I picked up the audio copy of her Sci-Fi novel “Ithaka Rising”, the sequel to “Derelict”. It’s great stuff, and available at Audible. Lisa is a “proper” writer because she does the work, just like S.A. Hunt, who I wrote about recently. She produces a first draft then gets it professionally edited before going into re-writes. Her covers are gorgeous and produced in consultation with professional artists. Once she has the complete product, she works hard on the sales, the word of mouth, the reviews and the recommendations. She networks well, and the people who have met or spoken to her are happy to pass on a recommendation – she’s good at what she does!

It was great to meet Lisa and to be reminded that there are people behind those tiny square pictures. It’s nice to know that the conversations I have with my imaginary friends aren’t sailing off into the ether, but connecting me to real people, wherever they are int he world. So if you’re ever tempted to shut down Facebook and make some “genuine” connections, take a second to think what it is that’s making you think like that. You can choose what you communicate, no matter the medium, and it doesn’t matter how the message is delivered if it touches someone’s life.

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Waiting for Twist Stiffly – RPI Players

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I was delighted to get a Tweet from the RPI Players this week, telling me they had completed their run of “Waiting for Twist Stiffly” and enjoyed the play very much. They had the very talented Demetrius Green (photographybydegrees.com/) on … Continue reading

The Flash Fantasy Project 5: non-epic tales of other lands

WP_20151109_001 (2)The final descent into the valley was steep, and made trecherous by loose scree. Tired feet stumbled, and though their packs held only the last scraps of food, they still weighed heavily on their shoulders.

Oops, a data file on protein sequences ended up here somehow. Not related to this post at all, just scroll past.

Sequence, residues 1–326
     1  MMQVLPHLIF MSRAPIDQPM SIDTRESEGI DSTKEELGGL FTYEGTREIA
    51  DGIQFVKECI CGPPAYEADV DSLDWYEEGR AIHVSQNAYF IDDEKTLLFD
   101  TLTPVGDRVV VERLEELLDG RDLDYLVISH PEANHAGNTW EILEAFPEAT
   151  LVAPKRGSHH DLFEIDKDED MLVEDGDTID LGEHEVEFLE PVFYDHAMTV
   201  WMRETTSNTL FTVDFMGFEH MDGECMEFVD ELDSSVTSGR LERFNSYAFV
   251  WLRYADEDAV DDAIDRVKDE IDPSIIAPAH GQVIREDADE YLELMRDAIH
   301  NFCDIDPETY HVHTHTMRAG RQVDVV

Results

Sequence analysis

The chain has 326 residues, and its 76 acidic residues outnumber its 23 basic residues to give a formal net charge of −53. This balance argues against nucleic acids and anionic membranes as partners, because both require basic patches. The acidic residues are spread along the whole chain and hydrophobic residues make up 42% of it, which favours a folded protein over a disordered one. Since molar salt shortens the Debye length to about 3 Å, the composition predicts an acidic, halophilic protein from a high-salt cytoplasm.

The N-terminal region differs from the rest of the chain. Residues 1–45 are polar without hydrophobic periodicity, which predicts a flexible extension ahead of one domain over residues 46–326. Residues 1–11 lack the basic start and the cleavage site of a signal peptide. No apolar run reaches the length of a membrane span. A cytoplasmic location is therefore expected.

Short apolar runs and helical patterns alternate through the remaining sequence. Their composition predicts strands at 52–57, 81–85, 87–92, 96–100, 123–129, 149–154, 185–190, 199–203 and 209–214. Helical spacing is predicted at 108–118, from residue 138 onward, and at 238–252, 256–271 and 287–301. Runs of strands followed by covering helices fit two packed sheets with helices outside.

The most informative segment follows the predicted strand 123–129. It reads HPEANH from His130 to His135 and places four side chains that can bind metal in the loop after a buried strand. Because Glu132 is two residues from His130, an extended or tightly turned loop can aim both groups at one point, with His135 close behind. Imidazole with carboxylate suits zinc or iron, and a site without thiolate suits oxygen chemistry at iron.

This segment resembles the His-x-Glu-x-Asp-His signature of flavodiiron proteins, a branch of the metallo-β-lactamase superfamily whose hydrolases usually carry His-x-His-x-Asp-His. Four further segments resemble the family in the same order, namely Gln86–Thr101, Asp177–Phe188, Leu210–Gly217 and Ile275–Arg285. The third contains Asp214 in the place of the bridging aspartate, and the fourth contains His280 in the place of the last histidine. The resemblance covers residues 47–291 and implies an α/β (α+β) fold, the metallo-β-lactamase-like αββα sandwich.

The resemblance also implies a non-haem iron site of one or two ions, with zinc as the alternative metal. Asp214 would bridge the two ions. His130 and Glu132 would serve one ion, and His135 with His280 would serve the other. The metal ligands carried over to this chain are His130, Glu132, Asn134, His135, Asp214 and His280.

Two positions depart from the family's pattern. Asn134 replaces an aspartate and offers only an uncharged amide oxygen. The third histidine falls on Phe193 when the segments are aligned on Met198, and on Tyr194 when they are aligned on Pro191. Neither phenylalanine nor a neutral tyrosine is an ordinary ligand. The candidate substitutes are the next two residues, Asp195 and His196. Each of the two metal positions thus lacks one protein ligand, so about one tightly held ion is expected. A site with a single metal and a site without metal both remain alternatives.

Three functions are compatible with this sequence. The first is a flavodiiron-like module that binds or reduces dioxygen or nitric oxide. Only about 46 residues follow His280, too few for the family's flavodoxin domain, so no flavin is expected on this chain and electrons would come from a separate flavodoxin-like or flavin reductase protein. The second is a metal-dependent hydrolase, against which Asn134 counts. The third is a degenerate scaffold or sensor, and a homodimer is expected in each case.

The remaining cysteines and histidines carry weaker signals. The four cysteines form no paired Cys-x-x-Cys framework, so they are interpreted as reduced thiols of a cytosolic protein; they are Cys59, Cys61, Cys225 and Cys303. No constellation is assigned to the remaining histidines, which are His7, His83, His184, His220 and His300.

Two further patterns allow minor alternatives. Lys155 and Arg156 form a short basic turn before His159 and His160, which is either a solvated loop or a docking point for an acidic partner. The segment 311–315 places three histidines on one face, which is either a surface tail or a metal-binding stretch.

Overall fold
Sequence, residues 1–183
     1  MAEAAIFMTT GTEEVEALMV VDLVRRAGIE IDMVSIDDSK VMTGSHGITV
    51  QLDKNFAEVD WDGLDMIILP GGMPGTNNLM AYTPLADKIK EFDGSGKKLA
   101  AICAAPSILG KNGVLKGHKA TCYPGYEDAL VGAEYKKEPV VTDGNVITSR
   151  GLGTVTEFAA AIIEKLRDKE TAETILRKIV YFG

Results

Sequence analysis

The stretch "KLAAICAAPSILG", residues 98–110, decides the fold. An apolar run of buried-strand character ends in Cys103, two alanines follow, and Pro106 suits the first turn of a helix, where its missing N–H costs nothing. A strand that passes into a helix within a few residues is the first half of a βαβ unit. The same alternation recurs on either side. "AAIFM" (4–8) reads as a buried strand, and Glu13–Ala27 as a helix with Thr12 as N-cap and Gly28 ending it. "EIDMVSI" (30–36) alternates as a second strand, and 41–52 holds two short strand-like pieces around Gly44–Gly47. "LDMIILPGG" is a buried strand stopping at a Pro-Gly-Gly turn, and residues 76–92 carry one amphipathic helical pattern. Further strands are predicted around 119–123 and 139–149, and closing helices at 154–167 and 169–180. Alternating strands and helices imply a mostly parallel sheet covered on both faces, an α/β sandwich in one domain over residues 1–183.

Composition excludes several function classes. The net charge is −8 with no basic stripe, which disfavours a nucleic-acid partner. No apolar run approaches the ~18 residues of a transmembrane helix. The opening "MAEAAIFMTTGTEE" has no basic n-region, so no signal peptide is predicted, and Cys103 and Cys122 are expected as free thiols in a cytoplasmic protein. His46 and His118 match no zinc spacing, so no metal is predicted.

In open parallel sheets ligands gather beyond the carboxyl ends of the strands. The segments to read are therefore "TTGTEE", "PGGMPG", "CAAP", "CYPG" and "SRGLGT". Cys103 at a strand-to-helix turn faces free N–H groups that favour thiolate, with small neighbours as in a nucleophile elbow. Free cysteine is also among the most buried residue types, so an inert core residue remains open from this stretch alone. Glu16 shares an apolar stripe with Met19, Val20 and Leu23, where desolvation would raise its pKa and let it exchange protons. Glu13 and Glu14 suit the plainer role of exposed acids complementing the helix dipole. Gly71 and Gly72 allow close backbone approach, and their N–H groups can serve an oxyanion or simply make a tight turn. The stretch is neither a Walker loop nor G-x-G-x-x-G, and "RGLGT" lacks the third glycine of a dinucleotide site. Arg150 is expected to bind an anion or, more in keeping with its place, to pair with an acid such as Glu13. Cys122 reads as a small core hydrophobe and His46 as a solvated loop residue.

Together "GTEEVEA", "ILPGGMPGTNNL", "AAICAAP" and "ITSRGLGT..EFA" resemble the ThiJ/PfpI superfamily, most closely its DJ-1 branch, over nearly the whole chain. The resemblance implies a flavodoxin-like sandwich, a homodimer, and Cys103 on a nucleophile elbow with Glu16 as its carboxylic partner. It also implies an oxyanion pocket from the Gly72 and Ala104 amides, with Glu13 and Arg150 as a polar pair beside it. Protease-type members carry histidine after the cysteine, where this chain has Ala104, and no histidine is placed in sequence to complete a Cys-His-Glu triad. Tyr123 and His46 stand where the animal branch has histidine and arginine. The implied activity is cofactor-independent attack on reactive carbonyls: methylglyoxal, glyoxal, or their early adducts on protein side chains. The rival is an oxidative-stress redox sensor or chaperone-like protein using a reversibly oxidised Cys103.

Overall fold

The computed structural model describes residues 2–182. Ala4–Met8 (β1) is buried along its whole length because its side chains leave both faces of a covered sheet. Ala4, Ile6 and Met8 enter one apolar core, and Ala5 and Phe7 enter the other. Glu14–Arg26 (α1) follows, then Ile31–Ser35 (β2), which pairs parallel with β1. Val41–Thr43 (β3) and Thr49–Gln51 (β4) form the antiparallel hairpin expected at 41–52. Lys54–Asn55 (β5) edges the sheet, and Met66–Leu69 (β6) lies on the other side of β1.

Silence lay thick amongst the ancient ruins. Bordin walked steadily at the back of the group, unwilling to intrude on his friends’ air of reverence. These were the homes of their ancestors, and they were the first of their people to walk these streets in hundreds of years.

Frembar halted the company a few times, checking his faded and worn map. He lead them through the remnants of the once-proud city, now just walls, paved sections of street and smashed statuary.

After a while they turned aside from the main streets, weaving through smaller ruins until they found themselves inside a building that backed on to the slope of the valley itself. Frembar pushed aside debris and rubble to clear the very back wall. Dusk was coming on, so torches were lit and the flickering light picked out a design, cleverly manufactured into the brickwork. Bordin gasped. It was the same symbol that had been carved into his father’s work chest, the very thing that had tipped him into this adventure.

The others were muttering now. A couple had fallen to their knees, and old Wargon was actually weeping. Frembar, however, seemed unmoved. Consulting the map again, he pushed hard at a number of bricks in the design and they sank back into the wall. Each brick made a satisfying “clunk!” and then the wall shook and folded down, becoming the floor of a new chamber.

The company cheered as one and stepped forward eagerly, pushing past Frembar who stood holding his map. Bordin wondered if they’d even need it again.

“Look!” called Wargon, “Ahgscript!”

He was at the far end of the new chamber, his torch held aloft and illuminating strange runic characters carved deep into the wall.

“Can you read them?” asked Frembar.

Wargon sneered.

“Better than I can read YOUR handwriting, you young whippersnapper! Just give me a moment to get used to the light.”